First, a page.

You’ve just planned that dream vacation to Japan, you’ve packed suitcases in suitcases, you did all the research, but one thing stands in your way, the language barrier.
Recently coming back from Japan I can say that it was an amazing trip. I went to historic areas, the food was amazing, and bunny island is the cuddliest island ever created out of World War 2. The only problem I had was finding retro video game stores!
Seriously Bunny Island was a fantastic day trip that you need to check out if you ever visit Japan. Originally used for chemical weapon testing and creation, this island definitely has a dark past. Once the war was over, they let the rabbits roam free on the island. Since there are no natural predators on the island besides a few hawks, rabbits do what they do best multiply. I’m going to confuse friendly with hungry but we had dozens of rabbits come up to us while hiking the trails asking for food. SO adorable! Not only is it adorable but the trails leading the top of the mountain have breathtaking views.
Now don’t get me wrong, I did plenty of retro game shopping even when I was begged to stop. I also regret not picking up one or two items. The biggest, literally, was a complete Drummania set for the PlayStation. The issue I had was trying to use Google maps. The language barrier caused me the most trouble since Japanese Google maps is of course mainly written and optimized in Japanese. Big surprise, huh? So here is my list of video game stores to check out while you’re in Japan. Many of these locations are chains so if you’re hitting up the big cities like I did like Hiroshima, Kyoto, and Tokyo, you’ll be sure to find them.
Let’s get this one out of the way first. If you’re going to Japan and into retro video games I’m sure Super Potato is on your list. There are a couple multistory locations in Akihabara. While the selection was excellent, the prices were less than to be desired. Sure you can purchase that retro game but when the prices were similar to eBay or higher that’s when I take a step back.
This is a general recycle shop and most of them have a couple of shelves dedicated to retro video games. Unfortunately this is the one store I was not able to hit up while I was over there due to time constraints. Just be careful when you search for this chain of stores as it shares the same name as a prep school. I was fooled a couple of times during my search so shame on me.
This place was amazing if not just to window shop! I went to the one in Akihabara and each floor was dedicated to a different nerdy hobby. Action figures, dolls, manga, toys, and of course video games. I found the selection to be equivalent to that of Super Potato with slightly better prices. A word of advice when shopping here, take the stairs. That goes for everywhere in Japan. All of these multi-level stores will have a couple of elevators but when a store is 7+ stories tall it takes a long time for that elevator to reach your floor. Not only that but there were instances where it would stop on my floor and it would be packed.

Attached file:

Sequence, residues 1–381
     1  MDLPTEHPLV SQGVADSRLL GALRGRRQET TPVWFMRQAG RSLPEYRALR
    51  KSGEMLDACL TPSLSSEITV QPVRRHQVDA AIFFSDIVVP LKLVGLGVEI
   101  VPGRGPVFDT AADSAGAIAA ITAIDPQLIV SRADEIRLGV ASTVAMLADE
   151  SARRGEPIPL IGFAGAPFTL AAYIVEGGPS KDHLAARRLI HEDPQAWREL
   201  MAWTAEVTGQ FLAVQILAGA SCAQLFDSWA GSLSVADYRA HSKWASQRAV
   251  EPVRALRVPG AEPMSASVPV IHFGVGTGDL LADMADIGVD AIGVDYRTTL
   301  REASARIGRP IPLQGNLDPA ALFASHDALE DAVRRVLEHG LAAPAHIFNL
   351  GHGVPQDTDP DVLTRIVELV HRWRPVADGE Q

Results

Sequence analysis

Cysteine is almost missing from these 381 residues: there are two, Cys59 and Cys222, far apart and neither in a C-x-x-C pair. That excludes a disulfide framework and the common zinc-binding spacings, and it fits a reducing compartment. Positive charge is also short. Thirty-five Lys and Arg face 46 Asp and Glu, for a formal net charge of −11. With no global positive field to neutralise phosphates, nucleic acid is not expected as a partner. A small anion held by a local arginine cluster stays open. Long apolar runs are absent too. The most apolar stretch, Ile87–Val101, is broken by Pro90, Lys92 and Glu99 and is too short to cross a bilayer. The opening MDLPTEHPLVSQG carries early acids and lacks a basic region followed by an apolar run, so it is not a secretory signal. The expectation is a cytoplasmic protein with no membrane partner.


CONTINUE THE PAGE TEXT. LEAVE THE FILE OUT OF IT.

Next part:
Book Off & Book Off Plus
Used video games, books, toys, and clothes. For those who grew up in the Chicagoland area, this place felt like a much bigger Half-Priced Books. The prices here were great but the trade off was the selection. I went to at least five Book Offs while I was here and the selection varied wildly. Some had 2 shelves dedicated to used games while others had whole rows. Some games were as low as 100 yen or about $1. One location was clearancing out games. Some of the highlights I saw included a beautiful spice orange GameCube, a mini Pop’n Music controller, and a complete boxed Drummania set.
GEO Hyper Media Shop
I stumbled upon this store while I was on the train to Miyajima Island. Their sign said “games, DVD, and CD” so I knew I had to stop. Once you’re in Japan for awhile, English REALLY stands out to the eye. This store also allows customers to rent DVDs and manga which is cool, but doesn’t help me. They had a good selection of current gen games for sale. Just like when Blockbuster or Hollywood video existed, they’d sell their old rental stock which is what this was. I was able to pick up Jojo’s Bizarre Adventure for the PS3 for about 500 yen (about $5).
Japan Video Game Pick-Ups
These are my video game pick-ups from Japan. I went in with a list of games I was looking for and the approximate ebay price. I knew I wouldn’t have internet so this list helped me while I shopped. I recommend having the title in English, Japanese, and a picture of the catridge to show shop employees. It really helps language barrier.
Japan is a shopper’s paradise. When it comes to video games you just need to know where to look. Plan ahead and if you see any of these stores, be sure to check them out. You never know what you might find.
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